Friday, January 25, 2013
Project Daspletosaurus 2013
Last Autumn, Dr. Dave Hone approached me with the opportunity to design a logo for a crowdfunding campaign he was preparing to launch, after he had seen my Dinosaur Family Crest designs. I jumped at the chance to help out. I mean, pitching in to help a paleontologist and science communicator I respect do significant research? I couldn't resist, and I'm happy to report that his campaign has begun.
Hosted by the science crowdfunding platform Microryza, Hone's project will see him travelling from the UK to the Royal Tyrrell Museum in Alberta to work with Darren Tanke, studying fossils which seem to show evidence of cannibalism amongst the tyrannosaurid Daspletosaurus. Hone wrote about it yesterday at Archosaur Musings, where you can see images of the fossils he'll study. More importantly, kick some money his way via Microryza, and check out the excellent video Hone and Matt Van Rooijen made to promote the work. It is humbling to think of how much we've learned about the mighty tyrannosaurs since I was born; what was a lumbering monster has gained more and more nuance to become a real animal. Hone and Tanke will get to tell more of that story with their research.
A bit about the process of designing the project logo, if you'll indulge me. Dr. Hone and I had a meeting via Skype to discuss the project goals and the sort of graphic he wanted, and I began sketching immediately. It was decided to use two Daspletosaurus individuals facing off in some way, and in general to continue the modernist aesthetic established in my family crest project. Because this graphic would represent a more complex idea than those crests and involve more text, I began sorting out ways to flesh out the extremely minimal forms of the earlier project.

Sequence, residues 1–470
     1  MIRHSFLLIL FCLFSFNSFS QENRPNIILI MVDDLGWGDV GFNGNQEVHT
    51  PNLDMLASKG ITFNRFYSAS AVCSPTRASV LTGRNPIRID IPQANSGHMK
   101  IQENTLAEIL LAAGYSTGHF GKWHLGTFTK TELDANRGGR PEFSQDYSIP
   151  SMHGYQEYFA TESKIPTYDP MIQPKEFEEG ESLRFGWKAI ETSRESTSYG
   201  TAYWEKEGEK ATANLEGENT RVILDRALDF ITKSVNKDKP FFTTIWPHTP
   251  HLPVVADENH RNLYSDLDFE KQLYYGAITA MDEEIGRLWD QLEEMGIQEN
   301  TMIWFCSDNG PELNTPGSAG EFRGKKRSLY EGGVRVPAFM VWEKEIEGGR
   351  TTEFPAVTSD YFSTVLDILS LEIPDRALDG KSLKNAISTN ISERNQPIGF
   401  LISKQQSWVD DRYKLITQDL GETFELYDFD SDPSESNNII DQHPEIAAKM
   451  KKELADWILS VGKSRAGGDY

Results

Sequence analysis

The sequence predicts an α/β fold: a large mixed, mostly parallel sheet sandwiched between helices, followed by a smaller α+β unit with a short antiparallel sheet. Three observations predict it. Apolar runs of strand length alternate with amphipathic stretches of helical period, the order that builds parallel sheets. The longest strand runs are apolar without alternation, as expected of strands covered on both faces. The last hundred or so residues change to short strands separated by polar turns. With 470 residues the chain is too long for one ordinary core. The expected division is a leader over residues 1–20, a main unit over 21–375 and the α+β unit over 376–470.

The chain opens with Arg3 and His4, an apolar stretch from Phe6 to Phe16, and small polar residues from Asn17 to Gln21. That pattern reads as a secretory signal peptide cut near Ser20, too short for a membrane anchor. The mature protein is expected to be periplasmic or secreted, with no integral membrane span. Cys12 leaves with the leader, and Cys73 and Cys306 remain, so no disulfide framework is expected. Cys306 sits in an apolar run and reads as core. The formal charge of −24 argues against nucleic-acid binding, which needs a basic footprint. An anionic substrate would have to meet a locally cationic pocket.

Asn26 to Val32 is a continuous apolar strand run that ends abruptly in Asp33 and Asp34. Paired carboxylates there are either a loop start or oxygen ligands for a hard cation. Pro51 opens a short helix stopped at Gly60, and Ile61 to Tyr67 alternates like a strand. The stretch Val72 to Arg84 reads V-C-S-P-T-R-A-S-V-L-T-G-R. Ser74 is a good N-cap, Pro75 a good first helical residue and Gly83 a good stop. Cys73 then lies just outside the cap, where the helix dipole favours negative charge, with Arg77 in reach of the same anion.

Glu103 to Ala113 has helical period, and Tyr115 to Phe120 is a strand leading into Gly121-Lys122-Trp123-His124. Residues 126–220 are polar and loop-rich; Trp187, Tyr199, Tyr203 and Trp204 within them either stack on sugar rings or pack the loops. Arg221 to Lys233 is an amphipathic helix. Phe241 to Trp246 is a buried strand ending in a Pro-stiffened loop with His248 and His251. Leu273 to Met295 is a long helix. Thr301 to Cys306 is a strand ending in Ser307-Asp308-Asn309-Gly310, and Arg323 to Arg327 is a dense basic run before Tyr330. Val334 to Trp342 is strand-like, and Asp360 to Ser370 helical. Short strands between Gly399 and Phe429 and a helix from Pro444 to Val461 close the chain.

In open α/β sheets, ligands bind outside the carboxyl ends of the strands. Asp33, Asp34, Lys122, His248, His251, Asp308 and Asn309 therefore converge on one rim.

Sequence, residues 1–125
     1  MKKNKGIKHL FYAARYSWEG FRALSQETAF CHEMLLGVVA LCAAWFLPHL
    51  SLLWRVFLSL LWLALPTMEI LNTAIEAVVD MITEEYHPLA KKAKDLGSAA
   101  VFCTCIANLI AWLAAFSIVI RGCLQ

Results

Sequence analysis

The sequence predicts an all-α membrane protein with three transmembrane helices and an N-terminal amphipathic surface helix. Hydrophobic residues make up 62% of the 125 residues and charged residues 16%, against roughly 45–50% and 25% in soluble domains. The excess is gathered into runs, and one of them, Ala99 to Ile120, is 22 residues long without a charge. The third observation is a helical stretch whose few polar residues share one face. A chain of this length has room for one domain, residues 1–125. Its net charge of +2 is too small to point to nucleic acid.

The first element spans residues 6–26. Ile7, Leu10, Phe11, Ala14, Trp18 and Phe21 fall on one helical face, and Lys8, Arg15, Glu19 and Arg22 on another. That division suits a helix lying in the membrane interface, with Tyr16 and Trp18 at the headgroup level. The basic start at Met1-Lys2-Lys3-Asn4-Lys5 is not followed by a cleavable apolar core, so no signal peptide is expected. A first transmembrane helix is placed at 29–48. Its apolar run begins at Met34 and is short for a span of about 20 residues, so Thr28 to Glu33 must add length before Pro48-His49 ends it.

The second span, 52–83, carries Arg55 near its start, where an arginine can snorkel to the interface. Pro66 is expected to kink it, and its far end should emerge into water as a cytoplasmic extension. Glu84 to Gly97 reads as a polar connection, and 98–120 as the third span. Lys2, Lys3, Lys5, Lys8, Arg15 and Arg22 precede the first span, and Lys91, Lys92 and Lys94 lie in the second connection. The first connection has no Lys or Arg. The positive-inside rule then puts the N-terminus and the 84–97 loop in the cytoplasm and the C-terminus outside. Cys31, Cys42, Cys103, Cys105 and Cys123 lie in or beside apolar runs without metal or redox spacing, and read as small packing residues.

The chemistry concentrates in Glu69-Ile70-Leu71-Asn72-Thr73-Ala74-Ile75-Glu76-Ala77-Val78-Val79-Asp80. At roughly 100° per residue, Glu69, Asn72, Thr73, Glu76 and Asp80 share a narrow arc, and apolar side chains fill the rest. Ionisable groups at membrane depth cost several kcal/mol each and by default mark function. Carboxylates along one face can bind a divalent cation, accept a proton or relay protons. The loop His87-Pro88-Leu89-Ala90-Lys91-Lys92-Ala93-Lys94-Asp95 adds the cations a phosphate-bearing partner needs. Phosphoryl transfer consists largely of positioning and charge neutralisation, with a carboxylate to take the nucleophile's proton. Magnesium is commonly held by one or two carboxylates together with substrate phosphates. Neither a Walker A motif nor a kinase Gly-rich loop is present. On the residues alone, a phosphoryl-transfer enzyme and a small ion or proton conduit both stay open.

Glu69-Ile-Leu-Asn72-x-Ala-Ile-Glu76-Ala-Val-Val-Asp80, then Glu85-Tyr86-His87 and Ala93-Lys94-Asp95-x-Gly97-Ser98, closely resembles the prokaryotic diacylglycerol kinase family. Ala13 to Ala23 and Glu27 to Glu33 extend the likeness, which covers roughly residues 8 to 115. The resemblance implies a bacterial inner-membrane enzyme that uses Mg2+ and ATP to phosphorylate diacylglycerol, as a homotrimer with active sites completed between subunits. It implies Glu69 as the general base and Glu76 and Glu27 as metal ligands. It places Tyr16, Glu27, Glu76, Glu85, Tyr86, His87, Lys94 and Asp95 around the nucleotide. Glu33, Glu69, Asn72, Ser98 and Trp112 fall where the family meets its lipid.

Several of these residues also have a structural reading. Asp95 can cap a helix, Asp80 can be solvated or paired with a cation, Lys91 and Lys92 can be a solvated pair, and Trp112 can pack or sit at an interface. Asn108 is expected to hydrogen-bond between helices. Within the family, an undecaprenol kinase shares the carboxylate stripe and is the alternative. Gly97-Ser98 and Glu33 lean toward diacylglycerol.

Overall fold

The result is above. The shape is inspired by the crest on Alberta's flag. I accommodated the long forms of the daspletosaurs by posing them on an incline, further amping up the drama of the moments-from-happening battle. The field under the peak is filled with a pattern based on a geological symbol for silty sandstone, inspired by the make-up of the Dinosaur Park Formation. Dr. Hone was very easy to work with, providing valuable constructive feedback. It was a small project, but a great privilege.
So. Let's send Dave Hone to Canada!